DEAR ABBY: I am a retired psychiatrist who became blind as a result of a gunshot wound during a burglary in my home. Since that time I have relied on my guide dog, Alder, to maintain my independence. I was very pleased to see the letter in your column from Carl Augusto of the American Foundation for the Blind, which gave people tips on what sighted people should do when they meet a blind person. I'd like to add a few points that weren't covered, specifically about what people should and should not do when meeting a blind person with a guide dog.
Alder is a friendly 3-year-old black lab, and people's first inclination is to pet him. However, when guide dogs are working, they are responsible for the safety of their masters. Petting, distracting, or worse, feeding guide dogs while they are working can be very dangerous. A distracted dog may lead its master into a harmful situation. Also, if you see a blind person with a guide dog whom you suspect may need assistance, please ask that person first. He or she can tell you how to safely provide help without interfering with the dog.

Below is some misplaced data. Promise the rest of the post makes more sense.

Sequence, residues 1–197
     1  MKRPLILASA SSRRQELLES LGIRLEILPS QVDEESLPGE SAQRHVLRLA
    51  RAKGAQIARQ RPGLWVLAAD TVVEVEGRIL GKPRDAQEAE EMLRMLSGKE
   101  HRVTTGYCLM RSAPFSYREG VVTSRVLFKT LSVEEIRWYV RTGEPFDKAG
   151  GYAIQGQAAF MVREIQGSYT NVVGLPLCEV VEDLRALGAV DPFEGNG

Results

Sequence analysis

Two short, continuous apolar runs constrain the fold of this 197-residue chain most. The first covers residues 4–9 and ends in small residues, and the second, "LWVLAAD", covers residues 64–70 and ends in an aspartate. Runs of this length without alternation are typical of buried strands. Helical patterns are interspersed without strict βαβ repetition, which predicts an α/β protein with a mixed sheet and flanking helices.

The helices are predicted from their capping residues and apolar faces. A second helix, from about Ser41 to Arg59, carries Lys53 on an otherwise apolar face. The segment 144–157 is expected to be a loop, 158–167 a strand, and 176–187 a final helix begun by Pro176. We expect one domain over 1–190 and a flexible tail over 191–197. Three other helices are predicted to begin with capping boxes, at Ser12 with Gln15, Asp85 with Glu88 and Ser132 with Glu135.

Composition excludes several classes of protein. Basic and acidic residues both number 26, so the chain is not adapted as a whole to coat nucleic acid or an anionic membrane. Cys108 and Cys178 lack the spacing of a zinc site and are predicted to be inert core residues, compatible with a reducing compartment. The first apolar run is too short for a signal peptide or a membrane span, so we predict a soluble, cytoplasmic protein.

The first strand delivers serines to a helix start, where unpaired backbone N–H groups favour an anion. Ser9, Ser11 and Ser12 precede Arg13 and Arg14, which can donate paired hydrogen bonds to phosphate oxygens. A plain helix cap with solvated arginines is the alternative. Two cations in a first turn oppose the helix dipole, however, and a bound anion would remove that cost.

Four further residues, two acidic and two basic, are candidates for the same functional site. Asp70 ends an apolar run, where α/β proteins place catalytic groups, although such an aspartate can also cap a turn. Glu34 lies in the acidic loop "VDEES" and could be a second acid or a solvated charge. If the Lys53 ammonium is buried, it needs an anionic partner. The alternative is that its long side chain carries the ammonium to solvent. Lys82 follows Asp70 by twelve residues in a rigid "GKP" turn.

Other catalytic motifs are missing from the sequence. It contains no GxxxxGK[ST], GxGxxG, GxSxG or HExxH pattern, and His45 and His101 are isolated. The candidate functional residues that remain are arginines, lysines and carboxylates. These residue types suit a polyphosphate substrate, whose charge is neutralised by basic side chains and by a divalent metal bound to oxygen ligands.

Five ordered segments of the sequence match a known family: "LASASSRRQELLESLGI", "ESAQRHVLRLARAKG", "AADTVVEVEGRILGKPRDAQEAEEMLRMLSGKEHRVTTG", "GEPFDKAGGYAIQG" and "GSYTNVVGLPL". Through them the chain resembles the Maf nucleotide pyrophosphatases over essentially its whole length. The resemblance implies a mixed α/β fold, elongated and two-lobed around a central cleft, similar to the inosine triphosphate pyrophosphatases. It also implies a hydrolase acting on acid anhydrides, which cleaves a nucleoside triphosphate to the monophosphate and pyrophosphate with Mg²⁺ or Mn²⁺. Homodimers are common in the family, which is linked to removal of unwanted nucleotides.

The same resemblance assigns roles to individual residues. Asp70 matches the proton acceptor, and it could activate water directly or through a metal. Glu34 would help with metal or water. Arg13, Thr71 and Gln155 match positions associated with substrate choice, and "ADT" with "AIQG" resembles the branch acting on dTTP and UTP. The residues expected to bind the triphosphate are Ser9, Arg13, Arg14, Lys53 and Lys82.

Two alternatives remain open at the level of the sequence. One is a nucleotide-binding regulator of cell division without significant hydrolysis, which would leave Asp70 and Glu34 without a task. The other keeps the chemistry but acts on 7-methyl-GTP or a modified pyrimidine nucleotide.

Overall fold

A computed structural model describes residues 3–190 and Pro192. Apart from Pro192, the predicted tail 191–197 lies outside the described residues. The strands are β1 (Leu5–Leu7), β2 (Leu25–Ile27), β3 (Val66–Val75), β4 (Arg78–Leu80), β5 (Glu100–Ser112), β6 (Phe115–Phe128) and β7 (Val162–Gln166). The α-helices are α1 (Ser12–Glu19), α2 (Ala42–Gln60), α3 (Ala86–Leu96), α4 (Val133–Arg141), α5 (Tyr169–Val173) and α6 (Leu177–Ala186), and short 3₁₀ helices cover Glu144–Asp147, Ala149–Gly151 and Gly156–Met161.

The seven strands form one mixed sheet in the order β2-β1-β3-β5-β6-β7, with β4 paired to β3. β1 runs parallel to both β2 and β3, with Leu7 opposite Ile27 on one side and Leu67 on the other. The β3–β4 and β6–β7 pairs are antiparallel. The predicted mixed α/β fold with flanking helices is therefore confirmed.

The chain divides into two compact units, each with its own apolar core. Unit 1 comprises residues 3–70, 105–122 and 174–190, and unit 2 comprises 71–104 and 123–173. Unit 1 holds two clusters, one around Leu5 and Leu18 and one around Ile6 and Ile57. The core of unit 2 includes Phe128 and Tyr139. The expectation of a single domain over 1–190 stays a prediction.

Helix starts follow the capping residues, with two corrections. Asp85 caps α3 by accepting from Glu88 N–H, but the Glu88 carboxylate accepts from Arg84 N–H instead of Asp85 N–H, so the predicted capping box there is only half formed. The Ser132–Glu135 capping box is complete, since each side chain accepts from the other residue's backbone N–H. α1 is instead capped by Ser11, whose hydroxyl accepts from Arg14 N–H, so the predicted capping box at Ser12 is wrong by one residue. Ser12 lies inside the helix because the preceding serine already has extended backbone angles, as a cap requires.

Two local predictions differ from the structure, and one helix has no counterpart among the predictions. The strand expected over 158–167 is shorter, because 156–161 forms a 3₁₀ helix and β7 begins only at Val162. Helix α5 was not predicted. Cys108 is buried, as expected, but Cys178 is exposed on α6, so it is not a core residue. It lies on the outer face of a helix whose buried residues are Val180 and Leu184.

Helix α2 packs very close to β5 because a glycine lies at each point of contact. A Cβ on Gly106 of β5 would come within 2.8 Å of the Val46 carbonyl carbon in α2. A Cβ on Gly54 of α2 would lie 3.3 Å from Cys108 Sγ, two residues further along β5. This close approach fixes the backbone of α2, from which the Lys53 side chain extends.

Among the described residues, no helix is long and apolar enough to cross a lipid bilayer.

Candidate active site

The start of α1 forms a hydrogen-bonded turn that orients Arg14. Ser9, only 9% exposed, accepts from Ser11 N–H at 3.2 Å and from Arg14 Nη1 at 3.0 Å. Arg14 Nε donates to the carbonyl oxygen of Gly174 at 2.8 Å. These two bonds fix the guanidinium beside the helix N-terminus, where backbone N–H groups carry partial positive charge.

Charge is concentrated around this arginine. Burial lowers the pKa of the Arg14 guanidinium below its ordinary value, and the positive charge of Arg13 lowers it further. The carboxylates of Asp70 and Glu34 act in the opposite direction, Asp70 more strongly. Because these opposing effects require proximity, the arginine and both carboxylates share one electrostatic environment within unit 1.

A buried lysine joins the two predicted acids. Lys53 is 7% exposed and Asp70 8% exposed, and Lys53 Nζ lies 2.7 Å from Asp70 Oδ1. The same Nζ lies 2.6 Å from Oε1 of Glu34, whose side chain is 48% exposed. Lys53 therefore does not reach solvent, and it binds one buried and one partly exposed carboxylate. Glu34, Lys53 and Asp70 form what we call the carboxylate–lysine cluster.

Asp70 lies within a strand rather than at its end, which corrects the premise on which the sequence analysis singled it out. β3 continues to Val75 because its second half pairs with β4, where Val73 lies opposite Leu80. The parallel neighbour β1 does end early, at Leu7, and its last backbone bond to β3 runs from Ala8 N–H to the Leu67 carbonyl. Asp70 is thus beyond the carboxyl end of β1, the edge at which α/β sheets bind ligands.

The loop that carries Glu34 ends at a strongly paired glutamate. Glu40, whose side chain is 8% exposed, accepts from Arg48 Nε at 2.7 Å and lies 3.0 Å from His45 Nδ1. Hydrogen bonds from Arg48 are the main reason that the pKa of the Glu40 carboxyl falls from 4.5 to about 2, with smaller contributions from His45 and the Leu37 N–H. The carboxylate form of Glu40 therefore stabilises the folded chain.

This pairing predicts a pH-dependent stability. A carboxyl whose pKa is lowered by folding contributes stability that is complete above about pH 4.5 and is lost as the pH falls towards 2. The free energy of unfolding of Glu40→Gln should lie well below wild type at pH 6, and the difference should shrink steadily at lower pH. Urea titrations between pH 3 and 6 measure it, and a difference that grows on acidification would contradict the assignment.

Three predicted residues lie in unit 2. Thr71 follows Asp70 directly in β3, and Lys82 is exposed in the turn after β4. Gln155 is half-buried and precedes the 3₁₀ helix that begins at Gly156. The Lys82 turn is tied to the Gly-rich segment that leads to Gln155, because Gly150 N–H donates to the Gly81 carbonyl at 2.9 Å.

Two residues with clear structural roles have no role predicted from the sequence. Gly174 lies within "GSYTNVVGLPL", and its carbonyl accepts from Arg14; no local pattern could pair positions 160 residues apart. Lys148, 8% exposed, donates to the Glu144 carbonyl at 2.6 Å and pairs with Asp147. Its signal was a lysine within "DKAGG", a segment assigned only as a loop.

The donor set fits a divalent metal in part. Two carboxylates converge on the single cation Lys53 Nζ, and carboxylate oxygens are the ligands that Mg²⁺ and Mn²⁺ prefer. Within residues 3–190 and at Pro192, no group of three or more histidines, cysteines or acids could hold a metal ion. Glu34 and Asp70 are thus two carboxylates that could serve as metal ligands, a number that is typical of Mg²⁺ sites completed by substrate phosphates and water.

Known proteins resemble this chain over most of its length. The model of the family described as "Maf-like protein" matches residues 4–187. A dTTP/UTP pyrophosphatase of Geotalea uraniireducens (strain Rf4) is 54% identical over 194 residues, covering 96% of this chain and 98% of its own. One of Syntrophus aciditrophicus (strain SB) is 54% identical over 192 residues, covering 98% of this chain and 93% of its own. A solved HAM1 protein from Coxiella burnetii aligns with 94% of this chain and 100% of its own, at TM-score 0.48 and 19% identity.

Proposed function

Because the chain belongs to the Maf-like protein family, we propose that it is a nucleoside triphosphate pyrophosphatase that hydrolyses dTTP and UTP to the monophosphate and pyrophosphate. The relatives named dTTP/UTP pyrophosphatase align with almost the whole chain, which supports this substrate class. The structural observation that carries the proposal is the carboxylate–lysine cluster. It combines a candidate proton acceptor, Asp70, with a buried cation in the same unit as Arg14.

Abby, thank you for giving me this opportunity to let people know about a subject that is so important to those of us who rely on our guide dogs. -- JOHN PHELAN, M.D., WESTLAKE VILLAGE, CALIF.
DEAR DR. PHELAN: I'm passing along the message. A person walking with a guide dog should not be mistaken for someone taking a stroll with a pet. The animal is working and should not be petted.
It's fine to comment that the dog is beautiful, dutiful or well-trained. But anything beyond that could be seriously distracting.